A possible recession, foreign investment, a new stadium, the importance of public transit near developments and the hot industrial market ranked as main topics for both panelists and attendees at the annual Allen Matkins Leck Gamble Mallory & Natsis View from the Top conference.
One of the city’s most highly regarded real estate events, the conference took place Sept. 9 at the Beverly Hilton in Beverly Hills. A crowd of nearly 500 brokers, developers, attorneys and investors attended. CBRE Group Inc., Kilroy Realty Corp. and Boston Properties Inc. were among the companies represented.
Of the many topics covered, these three key takeaways from the event stood out:
Rising anticipation for Inglewood stadium
One of the area’s biggest projects is also one of the most anticipated, judging by the level of interest and discussion at the conference. The Los Angeles Stadium and Entertainment District at Hollywood Park will be the home of the National Football League’s Los Angeles Rams and Los Angeles Chargers, hotels, residential units, retail, offices, and a performance venue.
Marlene Nations, senior vice president and general counsel for LASED, called the project a “once in a lifetime opportunity.”
Nations, who served as outside counsel for LASED when the company acquired the land for the project in 2014, joined the organization less than a year ago.
She said there are 3,000 workers a day at the site. Although there have been some complaints, such as dust in nearby areas, Nations explained that the city and the project’s neighbors have been largely supportive.
Jason Gannon, a managing director at LASED, was also at the conference. He said he hopes to announce partnerships and events for the stadium in the next few weeks.
The stadium is expected to open in the summer of 2020.
Impact of a possible recession
How will L.A.’s real estate market fare if a recession hits? That seemed to be the question on the minds of many conference attendees, but speakers and panelists didn’t always share their concerns.
John Tipton, a partner at Allen Matkins, presented the Allen Matkins/UCLA Anderson Forecast California Commercial Real Estate Survey at the event. The survey looks at real estate expectations for 2022.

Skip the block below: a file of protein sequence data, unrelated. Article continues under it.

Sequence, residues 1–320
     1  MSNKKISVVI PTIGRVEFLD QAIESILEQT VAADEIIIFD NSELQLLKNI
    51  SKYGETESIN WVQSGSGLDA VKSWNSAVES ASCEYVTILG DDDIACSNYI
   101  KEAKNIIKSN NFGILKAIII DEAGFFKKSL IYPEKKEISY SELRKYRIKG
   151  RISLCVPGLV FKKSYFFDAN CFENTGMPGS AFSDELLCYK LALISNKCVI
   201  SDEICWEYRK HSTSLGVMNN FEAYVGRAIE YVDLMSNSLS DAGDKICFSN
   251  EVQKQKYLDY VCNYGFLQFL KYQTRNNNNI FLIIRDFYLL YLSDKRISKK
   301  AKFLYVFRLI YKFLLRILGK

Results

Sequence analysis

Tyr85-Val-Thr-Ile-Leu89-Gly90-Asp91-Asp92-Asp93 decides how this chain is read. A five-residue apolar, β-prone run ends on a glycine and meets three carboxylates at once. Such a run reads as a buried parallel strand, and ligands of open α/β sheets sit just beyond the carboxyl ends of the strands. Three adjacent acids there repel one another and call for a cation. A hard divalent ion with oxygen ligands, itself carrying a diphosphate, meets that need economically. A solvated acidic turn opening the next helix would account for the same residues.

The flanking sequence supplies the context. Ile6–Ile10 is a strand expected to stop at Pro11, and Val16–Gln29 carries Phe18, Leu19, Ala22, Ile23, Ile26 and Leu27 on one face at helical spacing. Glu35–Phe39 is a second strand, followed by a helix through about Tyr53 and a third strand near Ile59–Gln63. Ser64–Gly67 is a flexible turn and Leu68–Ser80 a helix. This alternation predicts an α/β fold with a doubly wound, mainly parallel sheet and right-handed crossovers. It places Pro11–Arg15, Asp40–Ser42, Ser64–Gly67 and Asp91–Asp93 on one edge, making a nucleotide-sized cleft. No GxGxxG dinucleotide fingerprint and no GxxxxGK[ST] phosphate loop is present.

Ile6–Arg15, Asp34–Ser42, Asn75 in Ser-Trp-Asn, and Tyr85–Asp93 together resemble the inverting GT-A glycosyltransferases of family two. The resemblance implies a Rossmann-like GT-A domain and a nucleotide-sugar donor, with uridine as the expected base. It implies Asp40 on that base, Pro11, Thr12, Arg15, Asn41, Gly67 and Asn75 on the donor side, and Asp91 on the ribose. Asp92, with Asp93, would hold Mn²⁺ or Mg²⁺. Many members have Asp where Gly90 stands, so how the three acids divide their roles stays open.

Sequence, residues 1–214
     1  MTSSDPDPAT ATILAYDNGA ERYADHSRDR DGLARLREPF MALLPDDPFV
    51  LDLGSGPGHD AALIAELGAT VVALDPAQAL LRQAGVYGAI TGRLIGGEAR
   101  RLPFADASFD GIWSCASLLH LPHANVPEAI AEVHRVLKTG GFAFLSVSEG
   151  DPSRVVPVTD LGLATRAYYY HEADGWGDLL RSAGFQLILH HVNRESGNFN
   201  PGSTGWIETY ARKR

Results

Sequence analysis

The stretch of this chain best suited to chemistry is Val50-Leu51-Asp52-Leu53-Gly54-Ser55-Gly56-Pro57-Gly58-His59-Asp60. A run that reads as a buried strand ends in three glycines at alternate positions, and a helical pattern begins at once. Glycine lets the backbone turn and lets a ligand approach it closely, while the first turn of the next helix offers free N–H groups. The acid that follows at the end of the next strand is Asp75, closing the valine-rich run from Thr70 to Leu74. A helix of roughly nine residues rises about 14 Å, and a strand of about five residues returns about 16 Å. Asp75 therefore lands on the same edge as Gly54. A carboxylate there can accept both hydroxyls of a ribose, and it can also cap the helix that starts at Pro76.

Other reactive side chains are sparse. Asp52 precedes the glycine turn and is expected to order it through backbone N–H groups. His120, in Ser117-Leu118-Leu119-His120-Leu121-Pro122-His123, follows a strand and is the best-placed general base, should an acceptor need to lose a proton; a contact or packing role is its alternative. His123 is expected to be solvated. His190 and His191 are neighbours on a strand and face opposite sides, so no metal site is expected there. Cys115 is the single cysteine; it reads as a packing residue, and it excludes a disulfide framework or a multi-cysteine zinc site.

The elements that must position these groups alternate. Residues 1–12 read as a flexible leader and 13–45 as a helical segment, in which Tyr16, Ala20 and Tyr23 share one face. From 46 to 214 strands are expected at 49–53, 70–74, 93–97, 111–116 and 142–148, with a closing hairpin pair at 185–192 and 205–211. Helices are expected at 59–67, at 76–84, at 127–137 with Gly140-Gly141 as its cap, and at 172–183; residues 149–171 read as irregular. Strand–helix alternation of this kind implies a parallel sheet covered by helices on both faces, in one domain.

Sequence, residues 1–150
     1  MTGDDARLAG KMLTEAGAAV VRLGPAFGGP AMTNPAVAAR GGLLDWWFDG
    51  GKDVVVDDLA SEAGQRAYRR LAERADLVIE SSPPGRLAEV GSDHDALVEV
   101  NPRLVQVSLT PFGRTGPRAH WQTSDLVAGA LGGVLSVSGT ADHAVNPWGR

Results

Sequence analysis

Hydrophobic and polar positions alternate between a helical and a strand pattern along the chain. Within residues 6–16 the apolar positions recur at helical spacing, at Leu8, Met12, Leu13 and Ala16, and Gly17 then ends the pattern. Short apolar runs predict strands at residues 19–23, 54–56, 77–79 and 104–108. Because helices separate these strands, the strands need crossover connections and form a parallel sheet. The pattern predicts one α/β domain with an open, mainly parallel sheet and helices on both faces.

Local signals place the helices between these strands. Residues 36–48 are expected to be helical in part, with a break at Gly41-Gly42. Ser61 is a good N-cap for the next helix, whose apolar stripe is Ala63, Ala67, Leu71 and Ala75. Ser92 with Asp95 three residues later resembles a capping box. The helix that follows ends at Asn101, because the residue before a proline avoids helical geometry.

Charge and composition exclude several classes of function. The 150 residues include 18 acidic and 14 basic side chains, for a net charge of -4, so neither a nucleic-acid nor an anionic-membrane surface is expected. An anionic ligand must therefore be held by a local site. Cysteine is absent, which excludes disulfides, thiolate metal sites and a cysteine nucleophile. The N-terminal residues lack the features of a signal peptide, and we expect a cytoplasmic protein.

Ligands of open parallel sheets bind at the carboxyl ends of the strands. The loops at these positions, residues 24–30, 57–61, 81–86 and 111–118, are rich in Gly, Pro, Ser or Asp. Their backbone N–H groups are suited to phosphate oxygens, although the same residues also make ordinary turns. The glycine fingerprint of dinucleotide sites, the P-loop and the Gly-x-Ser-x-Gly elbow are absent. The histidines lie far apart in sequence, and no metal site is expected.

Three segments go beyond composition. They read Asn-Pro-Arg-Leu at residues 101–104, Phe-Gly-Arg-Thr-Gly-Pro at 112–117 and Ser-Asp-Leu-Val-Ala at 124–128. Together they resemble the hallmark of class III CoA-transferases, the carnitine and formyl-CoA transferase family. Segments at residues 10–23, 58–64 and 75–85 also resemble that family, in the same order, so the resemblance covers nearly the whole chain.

“It was generally positive,” Tipton said of the report’s findings. “We stayed strong in the industrial sector; the office sector is showing some rebound; the retail sector, which has been so hard hit, is showing some signs of life.”
The market is expected to slow slightly in 2021 before picking back up in 2022.
“People think we are due for a correction, but buildings are trading,” said Laurie Lustig-Bower, an executive vice president at CBRE.
The bigger question, Lustig-Bower said, is how rent control measures might affect multifamily properties.
“Everything is pretty healthy,” said Jonathan Lange, a vice president at Boston Properties. “The fundamentals seem strong across the U.S.”
Still, experts agreed that interest rate adjustments or economic issues overseas could affect the U.S. market.
Investment from Asia
Chinese companies, which until recently were major investors in the U.S. real estate market, have stepped back in the face of China’s crackdown on capital outflow and the ongoing trade war. As a result, many Chinese assets in L.A. have been sold.
Michael Van Konynenburg, president of Eastdil Secured, said during an economic overview session that Asian investment was down 30% last year and 20% so far this year.
Investment from Singapore continues to be strong, and investment from South Korea is growing but not enough to make up for the losses from China.
“Asia continues to be an important source of capital, but there is much less deal flow,” Van Konynenburg said.
Kevin Shannon, the co-head of U.S. capital markets at Newmark Knight Frank, said foreign capital is still important in real estate. Some of it is moving into secondary markets as prices in top areas rise.
From his standpoint, Shannon added, corporate debt and China were the two major factors to keep an eye on.
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